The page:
A graphic posted on Facebook in September 2021 warns why “ladies, both the married and singles” have to “rethink before treating any man like trash”.
It claims that United Nations data shows that out of a global population of 7.8 billion people, 5.6 billion are “women” and just 2.2 billion are “men”. This would mean there are more than 2.5 times as many women on the planet than there are men.
The graphic says the data comes from the UN’s “1st quarter Demography Report 2019”. It links to a 2019 article on the website of the Independent, a Nigerian newspaper, with the same wording.
The graphic and article warn that “they” – presumably the UN – had “advised women to be careful in showing attitudes to any man” because only 1 billion of the world’s 2.2 billion men were available for marriage. The rest were already married, in prison or “mentally ill”.
Oddly, the figures suggest that the world has no children – only women and men. Credible data on population and sex is normally broken down into “females” and “males” to include girls and boys.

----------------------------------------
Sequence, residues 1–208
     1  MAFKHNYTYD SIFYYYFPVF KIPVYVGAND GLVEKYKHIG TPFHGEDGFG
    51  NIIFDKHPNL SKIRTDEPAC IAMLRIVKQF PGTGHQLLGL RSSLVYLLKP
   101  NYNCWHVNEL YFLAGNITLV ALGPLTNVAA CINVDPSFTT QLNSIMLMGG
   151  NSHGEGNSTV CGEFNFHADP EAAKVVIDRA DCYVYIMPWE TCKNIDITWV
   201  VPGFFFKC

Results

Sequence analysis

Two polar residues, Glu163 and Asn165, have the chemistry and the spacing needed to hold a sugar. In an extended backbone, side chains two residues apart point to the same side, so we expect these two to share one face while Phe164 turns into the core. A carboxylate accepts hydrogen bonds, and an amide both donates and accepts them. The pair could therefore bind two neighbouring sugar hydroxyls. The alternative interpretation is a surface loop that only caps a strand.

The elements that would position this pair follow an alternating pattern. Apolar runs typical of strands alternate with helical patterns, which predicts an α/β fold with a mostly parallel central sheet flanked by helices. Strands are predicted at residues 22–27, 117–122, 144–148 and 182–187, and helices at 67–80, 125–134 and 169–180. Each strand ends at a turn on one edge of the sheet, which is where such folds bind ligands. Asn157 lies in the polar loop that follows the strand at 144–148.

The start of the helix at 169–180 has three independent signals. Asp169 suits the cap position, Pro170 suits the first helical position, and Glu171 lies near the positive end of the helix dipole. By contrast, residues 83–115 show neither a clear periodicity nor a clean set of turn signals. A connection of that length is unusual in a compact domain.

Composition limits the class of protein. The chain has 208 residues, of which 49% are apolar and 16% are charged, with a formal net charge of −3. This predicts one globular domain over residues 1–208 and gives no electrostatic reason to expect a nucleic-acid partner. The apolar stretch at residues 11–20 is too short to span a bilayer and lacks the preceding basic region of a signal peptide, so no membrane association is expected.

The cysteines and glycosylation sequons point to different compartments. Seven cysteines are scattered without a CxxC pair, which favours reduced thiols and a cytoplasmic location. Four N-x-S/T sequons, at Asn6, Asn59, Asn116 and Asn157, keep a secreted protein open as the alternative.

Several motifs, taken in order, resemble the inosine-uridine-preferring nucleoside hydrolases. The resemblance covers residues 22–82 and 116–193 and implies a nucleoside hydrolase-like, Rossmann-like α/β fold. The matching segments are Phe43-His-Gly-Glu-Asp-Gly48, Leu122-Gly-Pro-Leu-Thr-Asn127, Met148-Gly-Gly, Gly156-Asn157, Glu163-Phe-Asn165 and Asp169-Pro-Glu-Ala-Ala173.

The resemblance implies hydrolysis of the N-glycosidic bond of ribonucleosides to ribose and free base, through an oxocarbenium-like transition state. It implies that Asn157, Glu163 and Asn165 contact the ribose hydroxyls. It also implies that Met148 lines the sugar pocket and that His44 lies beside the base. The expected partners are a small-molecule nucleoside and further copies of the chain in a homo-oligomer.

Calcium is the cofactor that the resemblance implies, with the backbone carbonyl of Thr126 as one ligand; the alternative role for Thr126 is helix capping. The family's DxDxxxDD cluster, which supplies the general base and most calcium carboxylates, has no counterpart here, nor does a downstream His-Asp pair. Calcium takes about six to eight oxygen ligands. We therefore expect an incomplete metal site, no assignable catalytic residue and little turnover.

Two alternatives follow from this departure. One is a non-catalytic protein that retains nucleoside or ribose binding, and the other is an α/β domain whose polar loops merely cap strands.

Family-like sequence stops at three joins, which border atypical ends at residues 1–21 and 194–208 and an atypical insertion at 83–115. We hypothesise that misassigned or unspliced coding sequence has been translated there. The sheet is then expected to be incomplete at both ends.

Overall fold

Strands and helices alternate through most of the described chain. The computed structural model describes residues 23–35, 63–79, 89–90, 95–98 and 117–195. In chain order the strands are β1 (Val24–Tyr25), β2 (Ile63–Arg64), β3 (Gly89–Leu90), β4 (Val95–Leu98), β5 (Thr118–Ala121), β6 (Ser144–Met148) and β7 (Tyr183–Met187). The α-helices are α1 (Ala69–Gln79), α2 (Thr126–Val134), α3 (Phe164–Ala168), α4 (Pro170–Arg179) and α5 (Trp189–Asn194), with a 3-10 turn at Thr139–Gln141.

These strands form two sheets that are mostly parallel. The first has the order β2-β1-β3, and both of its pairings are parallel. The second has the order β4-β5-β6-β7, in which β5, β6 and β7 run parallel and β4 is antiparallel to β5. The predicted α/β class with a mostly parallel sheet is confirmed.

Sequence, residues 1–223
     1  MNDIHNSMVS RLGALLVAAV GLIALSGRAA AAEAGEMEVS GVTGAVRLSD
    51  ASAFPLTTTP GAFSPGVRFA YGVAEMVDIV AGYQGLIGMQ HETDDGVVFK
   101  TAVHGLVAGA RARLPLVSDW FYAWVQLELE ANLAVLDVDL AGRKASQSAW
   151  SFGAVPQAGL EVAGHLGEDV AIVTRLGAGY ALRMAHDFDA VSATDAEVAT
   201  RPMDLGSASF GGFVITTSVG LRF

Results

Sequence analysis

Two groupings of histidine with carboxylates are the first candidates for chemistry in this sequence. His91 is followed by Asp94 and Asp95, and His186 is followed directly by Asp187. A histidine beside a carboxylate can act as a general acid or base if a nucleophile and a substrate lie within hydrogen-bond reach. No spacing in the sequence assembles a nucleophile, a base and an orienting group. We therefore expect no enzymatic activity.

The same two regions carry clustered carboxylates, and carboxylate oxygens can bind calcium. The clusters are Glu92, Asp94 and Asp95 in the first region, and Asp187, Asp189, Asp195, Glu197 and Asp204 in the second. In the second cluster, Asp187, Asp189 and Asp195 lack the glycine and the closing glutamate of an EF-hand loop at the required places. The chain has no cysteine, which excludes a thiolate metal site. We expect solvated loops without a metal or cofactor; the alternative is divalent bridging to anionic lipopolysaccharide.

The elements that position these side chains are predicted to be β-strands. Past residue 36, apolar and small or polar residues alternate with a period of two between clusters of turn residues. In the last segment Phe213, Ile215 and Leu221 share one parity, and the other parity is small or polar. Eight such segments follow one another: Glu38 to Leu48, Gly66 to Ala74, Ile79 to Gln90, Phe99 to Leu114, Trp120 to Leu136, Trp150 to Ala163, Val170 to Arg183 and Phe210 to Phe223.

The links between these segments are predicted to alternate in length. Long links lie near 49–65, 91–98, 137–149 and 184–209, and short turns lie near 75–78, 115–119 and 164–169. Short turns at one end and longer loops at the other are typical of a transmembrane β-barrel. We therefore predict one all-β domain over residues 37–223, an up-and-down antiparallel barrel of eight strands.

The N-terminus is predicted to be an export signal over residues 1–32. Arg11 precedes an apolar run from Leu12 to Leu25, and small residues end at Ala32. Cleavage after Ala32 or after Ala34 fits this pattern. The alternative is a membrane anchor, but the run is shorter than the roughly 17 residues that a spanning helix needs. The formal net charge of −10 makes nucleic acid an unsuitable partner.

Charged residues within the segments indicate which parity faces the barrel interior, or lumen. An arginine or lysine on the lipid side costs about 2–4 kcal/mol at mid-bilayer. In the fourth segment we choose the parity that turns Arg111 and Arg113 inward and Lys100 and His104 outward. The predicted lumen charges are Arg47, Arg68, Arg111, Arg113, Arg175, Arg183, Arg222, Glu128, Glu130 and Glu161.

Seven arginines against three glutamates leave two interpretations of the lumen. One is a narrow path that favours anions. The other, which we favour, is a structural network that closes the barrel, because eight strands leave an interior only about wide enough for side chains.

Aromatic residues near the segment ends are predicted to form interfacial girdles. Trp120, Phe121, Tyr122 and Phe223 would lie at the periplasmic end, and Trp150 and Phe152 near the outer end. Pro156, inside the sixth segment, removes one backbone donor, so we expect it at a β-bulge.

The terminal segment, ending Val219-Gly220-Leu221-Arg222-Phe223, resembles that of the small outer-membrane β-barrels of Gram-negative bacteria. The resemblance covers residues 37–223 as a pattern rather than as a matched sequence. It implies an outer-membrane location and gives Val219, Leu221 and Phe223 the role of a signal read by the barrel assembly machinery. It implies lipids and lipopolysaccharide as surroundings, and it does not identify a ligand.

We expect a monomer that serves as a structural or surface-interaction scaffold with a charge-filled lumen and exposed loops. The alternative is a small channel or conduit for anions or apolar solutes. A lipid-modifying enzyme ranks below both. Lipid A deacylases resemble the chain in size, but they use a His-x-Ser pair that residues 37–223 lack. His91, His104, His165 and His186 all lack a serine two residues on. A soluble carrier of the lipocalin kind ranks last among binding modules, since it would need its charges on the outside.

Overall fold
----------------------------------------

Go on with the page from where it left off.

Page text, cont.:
Did the UN really report that, in 2019, the planet had 5.6 billion women and 2.2 billion men?
Slightly more males than females in 2019
The first quarter of 2019 would be the first three months – January, February and March – of the year.
But the UN doesn’t publish population estimates every three months. It publishes them every three years, in its World Population Prospects (WPP). This is produced by the population division of the UN’s economic and social affairs department. Its most recent edition, the 26th, came out in 2019.
There is no such UN publication as the “1st quarter Demography Report 2019”.
This means there were slightly more males than females – 50.42% of the global population was male, and 49.58% female.
For publishers: what to do if your post is rated false
A fact-checker has rated your Facebook or Instagram post as “false”. What should you do? First, don't delete!
Click on our guide for the steps you should follow.
Africa Check teams up with Facebook
Africa Check is a partner in Facebook’s third-party fact-checking programme to help stop the spread of false information on social media.
The content we rate as “false” will be downgraded on Facebook and Instagram. This means fewer people will see it.
You can also help identify false information on Facebook. This guide explains how.